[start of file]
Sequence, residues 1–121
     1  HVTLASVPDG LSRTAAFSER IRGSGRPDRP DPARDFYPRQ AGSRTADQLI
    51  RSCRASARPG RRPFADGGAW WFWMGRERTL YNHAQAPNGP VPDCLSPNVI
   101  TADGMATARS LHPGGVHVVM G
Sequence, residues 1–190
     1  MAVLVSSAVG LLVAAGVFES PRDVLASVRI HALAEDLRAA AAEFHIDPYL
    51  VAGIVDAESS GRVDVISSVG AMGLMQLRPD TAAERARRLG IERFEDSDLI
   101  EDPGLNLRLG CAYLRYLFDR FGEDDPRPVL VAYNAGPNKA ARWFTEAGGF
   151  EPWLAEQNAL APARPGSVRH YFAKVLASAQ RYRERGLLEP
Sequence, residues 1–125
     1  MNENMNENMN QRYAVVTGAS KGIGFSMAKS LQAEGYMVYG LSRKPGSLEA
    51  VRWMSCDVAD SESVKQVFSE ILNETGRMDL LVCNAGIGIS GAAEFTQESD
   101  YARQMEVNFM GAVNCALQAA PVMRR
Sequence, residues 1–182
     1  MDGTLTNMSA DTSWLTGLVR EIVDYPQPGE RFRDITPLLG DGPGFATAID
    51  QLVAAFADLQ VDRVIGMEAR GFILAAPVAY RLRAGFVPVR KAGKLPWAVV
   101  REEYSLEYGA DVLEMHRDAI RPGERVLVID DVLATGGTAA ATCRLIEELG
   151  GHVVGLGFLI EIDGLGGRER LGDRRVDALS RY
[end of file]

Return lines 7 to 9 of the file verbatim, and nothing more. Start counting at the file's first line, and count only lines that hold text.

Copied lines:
    51  VAGIVDAESS GRVDVISSVG AMGLMQLRPD TAAERARRLG IERFEDSDLI
   101  EDPGLNLRLG CAYLRYLFDR FGEDDPRPVL VAYNAGPNKA ARWFTEAGGF
   151  EPWLAEQNAL APARPGSVRH YFAKVLASAQ RYRERGLLEP